The Physics of Pool Temperature

To understand how much heat a pool needs, first you must understand how much heat it loses.

A pool loses heat at night or in inclement weather at a quantifiable rate, this rate is then used to determine the amount and type of heat needed to keep a pool at a given temperature.
Heat Losses
Swimming Pool heat loss occurs primarily at the surface where the evaporation of water accounts for this loss. This is the reason for the tremendous net effect of a pool cover.
Inground pools lose only about 10% of the total losses through the wall of the pool into the ground or through the lines removing and returning water to the pool in the normal course of daily filtration cycles.
Pool Covers reduce most if not all of the evaporative losses from the pool when in use. With this component of heat loss being 70% a cover with a small R value can achieve as much as a 75% reduction in heating costs when used.
Heat Gains
Swimming pools gain heat naturally during the day by absorbing the infrared radiation from the sun. An open pool gains almost twice the amount of the sun's energy than a screened pool due to the blocking effect of the screen enclosure, very similar to an umbrella with holes in it. The net result in the Central Florida area is a pool that is 6-8 Deg. F. warmer than it's screened counterpart.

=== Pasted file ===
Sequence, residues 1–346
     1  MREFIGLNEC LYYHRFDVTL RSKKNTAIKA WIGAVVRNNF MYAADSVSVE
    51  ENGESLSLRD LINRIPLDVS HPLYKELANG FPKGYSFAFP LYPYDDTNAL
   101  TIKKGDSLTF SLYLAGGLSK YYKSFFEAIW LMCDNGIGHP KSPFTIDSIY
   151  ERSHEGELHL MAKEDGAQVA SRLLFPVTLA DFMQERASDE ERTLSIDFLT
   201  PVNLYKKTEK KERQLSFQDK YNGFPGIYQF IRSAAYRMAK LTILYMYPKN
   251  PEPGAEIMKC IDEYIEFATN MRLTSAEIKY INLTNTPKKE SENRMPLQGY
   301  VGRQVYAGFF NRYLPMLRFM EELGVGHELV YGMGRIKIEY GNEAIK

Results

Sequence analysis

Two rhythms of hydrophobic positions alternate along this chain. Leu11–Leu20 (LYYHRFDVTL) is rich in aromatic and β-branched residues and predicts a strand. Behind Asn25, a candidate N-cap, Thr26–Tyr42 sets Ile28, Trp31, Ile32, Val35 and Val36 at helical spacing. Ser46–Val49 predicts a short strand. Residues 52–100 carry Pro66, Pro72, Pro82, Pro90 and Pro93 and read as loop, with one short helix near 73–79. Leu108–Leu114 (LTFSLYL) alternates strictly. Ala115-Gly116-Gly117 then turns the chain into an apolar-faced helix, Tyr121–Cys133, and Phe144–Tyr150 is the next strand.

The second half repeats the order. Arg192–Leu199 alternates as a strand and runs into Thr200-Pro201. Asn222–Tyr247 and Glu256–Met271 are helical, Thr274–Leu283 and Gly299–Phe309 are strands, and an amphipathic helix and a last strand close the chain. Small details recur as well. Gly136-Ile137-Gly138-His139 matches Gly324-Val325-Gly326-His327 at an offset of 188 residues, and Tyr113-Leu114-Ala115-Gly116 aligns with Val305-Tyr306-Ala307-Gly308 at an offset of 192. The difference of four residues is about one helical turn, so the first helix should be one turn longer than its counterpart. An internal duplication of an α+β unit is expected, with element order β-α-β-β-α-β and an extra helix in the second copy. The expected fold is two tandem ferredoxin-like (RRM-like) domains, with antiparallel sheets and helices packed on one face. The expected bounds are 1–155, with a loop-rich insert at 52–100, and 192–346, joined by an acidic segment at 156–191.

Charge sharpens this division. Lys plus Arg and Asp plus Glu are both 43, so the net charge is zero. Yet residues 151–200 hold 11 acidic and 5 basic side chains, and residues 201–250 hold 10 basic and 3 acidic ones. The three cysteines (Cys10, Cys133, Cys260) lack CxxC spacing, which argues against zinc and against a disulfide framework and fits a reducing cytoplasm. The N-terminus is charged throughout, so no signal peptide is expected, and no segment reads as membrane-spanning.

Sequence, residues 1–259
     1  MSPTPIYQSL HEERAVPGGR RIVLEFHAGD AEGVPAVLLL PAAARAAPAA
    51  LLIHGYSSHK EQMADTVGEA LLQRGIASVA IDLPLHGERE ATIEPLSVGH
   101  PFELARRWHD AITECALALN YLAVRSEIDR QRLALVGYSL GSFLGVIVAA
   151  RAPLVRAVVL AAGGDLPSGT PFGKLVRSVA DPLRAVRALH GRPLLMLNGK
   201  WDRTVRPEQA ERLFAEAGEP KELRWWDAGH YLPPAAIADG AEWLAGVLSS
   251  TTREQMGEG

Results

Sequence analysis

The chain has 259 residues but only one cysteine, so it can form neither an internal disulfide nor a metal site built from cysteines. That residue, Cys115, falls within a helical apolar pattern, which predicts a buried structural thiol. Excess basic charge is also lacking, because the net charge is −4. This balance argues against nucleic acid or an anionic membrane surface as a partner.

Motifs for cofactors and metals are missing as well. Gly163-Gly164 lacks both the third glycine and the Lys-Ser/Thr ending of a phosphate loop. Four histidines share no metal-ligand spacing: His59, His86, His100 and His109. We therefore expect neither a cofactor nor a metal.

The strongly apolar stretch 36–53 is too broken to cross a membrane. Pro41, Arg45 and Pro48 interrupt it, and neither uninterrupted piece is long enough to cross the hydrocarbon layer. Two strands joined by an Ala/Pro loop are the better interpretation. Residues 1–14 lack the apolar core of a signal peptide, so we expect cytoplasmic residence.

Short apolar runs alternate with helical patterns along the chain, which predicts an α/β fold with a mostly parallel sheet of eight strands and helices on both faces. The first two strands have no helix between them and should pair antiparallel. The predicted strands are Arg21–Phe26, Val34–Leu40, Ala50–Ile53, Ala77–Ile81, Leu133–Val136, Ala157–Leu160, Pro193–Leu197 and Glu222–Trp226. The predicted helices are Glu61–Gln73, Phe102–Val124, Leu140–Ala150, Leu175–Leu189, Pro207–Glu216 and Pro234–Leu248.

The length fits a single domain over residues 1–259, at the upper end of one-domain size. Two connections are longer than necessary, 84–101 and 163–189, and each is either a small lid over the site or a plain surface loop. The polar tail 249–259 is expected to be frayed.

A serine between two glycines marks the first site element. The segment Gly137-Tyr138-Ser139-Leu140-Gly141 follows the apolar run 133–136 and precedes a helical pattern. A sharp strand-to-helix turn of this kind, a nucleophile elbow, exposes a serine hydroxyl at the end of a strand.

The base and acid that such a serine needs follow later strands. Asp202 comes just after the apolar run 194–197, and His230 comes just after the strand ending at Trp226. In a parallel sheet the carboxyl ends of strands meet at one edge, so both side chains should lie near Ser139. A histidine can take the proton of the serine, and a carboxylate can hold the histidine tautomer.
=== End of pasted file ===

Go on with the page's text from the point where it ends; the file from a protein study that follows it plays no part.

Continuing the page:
Temperatures for Screened Unheated Swimming Pool
(Assumes Central Florida, Unshaded Pool with average 4.5 ft. depth)
Convert Celcius to Fahrenheit
Solar systems can be sized to gain anywhere from as little as 4 Deg. F up to as much as 16 Deg. F before cost effectiveness becomes an area of concern. The dilemma being that sizing for extreme conditions when the sun's energy is relatively weak and the outside ambient air temperatures are low means that the collector area required becomes cost prohibitive. On a 58 Deg. F. day swimming may not even be desirable, or said differently even if the pool is warm- is anyone in their bathing suit.